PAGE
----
This is for other Ghostbusters Props that don't fit into the categories above.
User avatar
By Fienen
#4946799
It's here! I ordered up a Gizmo 8400 kit from EctoLabs a few weeks back and I'm ready to get started on it. I was gonna go with my own 3D printed version, but when this came in stock, I figured it really short circuits the effort needed, gets me everything all at once, and I can piddle around in the evening and get it put together. This is just what the initial spread comes out looking like. I'll be updating as I move forward. I also have a couple ideas for what I'll do to make it feel more like "my own."

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Nice attention to detail on the packing.

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Here's the full spread of everything. Their kit is basically totally end-to-end, complete replica, minus a battery.

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Included VFDs. This is where some customization might happen. The kit simply uses LED backlighting on them. I might do something... more creative... You can also see the main board behind it. It's 3D printed, but very good quality, with a really nice surface finishing process to make it super smooth.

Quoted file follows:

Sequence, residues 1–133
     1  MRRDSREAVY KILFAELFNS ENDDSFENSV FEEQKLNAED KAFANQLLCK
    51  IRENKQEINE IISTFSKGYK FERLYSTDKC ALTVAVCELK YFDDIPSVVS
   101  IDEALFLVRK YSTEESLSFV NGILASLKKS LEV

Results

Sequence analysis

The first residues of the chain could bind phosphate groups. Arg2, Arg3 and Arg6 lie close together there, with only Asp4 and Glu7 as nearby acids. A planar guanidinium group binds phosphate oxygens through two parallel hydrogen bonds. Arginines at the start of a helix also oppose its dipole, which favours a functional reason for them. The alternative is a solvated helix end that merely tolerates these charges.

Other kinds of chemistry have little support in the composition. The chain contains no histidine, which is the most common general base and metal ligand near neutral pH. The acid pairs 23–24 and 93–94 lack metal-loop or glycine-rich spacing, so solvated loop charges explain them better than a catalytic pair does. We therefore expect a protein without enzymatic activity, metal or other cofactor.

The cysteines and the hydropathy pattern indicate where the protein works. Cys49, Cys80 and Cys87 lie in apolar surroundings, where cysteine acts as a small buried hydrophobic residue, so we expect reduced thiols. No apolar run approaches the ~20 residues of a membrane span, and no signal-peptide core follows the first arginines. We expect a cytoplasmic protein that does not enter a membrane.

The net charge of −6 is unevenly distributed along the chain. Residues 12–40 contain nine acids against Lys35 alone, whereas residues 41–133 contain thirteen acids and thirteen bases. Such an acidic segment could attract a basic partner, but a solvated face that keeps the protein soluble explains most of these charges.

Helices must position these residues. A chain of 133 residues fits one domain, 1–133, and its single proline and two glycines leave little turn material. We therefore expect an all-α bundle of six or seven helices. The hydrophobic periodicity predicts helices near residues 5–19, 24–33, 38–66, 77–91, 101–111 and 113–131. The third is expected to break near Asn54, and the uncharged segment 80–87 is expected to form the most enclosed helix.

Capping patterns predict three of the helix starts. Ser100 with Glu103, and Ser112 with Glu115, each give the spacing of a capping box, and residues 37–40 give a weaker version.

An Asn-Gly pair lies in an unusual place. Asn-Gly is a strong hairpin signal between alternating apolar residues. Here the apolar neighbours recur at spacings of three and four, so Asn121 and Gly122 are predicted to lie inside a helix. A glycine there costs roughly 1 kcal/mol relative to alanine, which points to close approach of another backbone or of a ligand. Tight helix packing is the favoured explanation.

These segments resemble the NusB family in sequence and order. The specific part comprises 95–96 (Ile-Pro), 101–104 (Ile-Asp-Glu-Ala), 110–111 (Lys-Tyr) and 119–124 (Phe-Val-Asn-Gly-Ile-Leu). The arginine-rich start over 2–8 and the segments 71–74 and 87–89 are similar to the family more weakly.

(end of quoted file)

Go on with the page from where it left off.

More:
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Just a bunch of bits and bobs. It's worth noting, this is a NO SOLDER kit. Everything is just hot glued to apply it.

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Daughter board bits and bobs. You can also see the actual electronics (connected to the Arduino). I may end up playing with this to swap in a rechargeable LiPo instead of the 9V maybe. Need to take a closer look at the setup to be sure.

More to come soon!
cristovalc, Nighty80, EctoLabs and 2 others liked this
User avatar
By Fienen
#4947030
Sorry! It took a while to get started on this. Had to get some time and track down my glue gun. But we're off and running! The daughter board assembly is now complete!

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This is the spread of stuff for the daughter board assembly. Admittedly, this is gonna be super fast compared to the main board.

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The first pieces in place!

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"Soldering." Make sure you have a good set of precision snips to trip the leads on the parts, you'll thank yourself later. As the glue cools, I also press down on it to flatten it out some.